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Mike Wilmington

By Mike Wilmington

Wilmington on Movies: ParaNorman


PARANORMAN (Three Stars)

U. S.: Chris Butler/Sam Fell, 2012

ParaNorman, a.k.a. Norman Babcock, mini-hero of the new 3D stop-motion animated feature that bears his name, not only has three dimensions but a sixth sense to boot. He sees the dead — and also talks to them,  watches sleazy zombie movies with them, plays with them, and tries to understand them and protect them from those occasionally obstreperous and definitely zombie-phobic creatures known as living, uh,  human beings. ParaNorman, or ParaNorm for short, is a kind of a macabre kid, but he’s also an adorable one — with his teensy vulnerable, 11-year-old stop-motion physique, his toothbrush-bristle coiffure, his glum but winsome voice (charmingly supplied by Kodi Smit McPhee) and his big sad dark cartoon-movie kid eyes.

ParaNorm lives in a Stephen Kingish New England town called Blithe Hollow, which 300, years ago, was the site of witch hunts and a witch trial, and a hung witch whose swaying likeness now is part of the Blithe Hollow‘s hard-sell witch self-branding (with streets full of witch cafes and witch shoppes and witch memorabilia, and maybe a take-out coven or two) —  and which also inspired the annual witch school plays, written and directed by the fruitily theatrical Mrs. Henscher (Alex Borstein), with a pilgrim part for Norm.

Don’t be deceived by his temporary Blithe Hollow stardom. ParaNorm is a picked-on little outsider locally famous as the kid who sees spooks (which nobody else can, of course), still watches TV with the greenish ghost of his grandma (Elaine Stritch) and is belittled or fussed over by the rest of his family, the Babcocks — fat macho papa Perry (Jeff Garlin), protective mama Sandra (Leslie Mann) and ditzy, dismissive older sis Courtney (Anna Kendrick). And he’s  otherwise made miserable by a gallery of other “normal” Blithe Hollowites which includes official toad-faced school bully Alvin (Christopher Mintz-Plasse), the flamboyant Mrs. Henscher, plus the abnormal nd extremely over-familiar Mr. Prenderghast (John Goodman). Then there are the Dead themselves, which include the persecuted witches and the judges who persecuted them and a tragic little girl.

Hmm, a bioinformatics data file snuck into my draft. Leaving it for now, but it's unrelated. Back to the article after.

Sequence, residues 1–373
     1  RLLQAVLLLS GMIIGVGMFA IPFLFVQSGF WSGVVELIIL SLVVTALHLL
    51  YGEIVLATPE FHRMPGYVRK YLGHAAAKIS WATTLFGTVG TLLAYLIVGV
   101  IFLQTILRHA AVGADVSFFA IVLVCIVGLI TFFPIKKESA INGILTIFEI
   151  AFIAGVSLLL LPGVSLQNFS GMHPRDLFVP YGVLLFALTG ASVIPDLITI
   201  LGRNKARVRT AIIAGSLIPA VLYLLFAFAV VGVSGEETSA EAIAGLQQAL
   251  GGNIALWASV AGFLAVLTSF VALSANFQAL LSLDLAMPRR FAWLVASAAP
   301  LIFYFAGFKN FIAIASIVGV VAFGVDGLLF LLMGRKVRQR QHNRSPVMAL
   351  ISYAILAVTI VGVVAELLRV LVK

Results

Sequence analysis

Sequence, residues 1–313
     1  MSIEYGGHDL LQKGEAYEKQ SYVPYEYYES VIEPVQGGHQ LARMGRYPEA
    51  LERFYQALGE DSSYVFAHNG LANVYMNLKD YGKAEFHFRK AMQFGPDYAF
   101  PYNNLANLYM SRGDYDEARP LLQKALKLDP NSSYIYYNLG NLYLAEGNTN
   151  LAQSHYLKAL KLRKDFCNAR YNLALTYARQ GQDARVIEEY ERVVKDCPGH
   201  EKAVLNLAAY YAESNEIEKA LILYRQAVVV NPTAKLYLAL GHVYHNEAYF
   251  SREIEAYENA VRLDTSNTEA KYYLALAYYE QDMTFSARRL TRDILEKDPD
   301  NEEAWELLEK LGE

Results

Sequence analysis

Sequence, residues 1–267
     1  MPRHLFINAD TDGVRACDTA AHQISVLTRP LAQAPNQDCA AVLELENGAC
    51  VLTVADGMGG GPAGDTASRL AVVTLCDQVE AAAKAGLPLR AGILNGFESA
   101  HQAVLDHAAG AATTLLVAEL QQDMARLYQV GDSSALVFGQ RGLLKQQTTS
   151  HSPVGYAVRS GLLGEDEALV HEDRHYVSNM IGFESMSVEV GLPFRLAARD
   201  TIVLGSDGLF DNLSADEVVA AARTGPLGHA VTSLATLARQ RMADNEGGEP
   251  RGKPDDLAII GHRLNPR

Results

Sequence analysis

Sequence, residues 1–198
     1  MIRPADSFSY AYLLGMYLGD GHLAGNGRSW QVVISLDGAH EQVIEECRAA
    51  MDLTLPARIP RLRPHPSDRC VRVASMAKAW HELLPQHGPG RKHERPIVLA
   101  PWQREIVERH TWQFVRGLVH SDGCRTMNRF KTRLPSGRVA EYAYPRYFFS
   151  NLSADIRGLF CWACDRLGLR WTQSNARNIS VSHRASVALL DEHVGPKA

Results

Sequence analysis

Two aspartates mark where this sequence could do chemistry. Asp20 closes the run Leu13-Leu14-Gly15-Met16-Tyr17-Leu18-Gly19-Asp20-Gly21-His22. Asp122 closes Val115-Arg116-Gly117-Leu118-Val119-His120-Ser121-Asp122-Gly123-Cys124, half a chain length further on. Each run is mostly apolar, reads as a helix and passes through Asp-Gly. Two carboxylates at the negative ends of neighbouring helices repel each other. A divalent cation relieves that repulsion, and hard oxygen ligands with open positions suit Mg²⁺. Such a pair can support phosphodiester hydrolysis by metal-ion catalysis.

In all this comically grisly stew of  the living dead and the obnoxious alive, Norm’s one faithful chum is his tubby, congenial schoolmate Neil (Tucker Abruzzi), a faithful, very nice little comrade. Neil, however, comes with a  hunk-dumbo and definitely Norm-unappreciative older brother, Mitch (Casey Affleck), who is also the not-too-swift heart-throb of not-too-sharp Courtney.

You can see that writer Chris Butler — who also co-directed with Sam Fell (Flushed Away) — likes big casts. (There are even more dead and live ones here we haven’t mentioned.) That’s all to the good, and it endows ParaNorman with that feel of boisterous life that many of the best recent animated features have — and most of the big live action movies don’t. It’s also a wonderful-looking movie — with the living-doll-or-toy likeability, depth and fullness that the best stop motion puppetry can endow — from George Pal to Ray Harryhausen to the great underseen Jiri Trnka to Nick Park and Wallace & Gromit.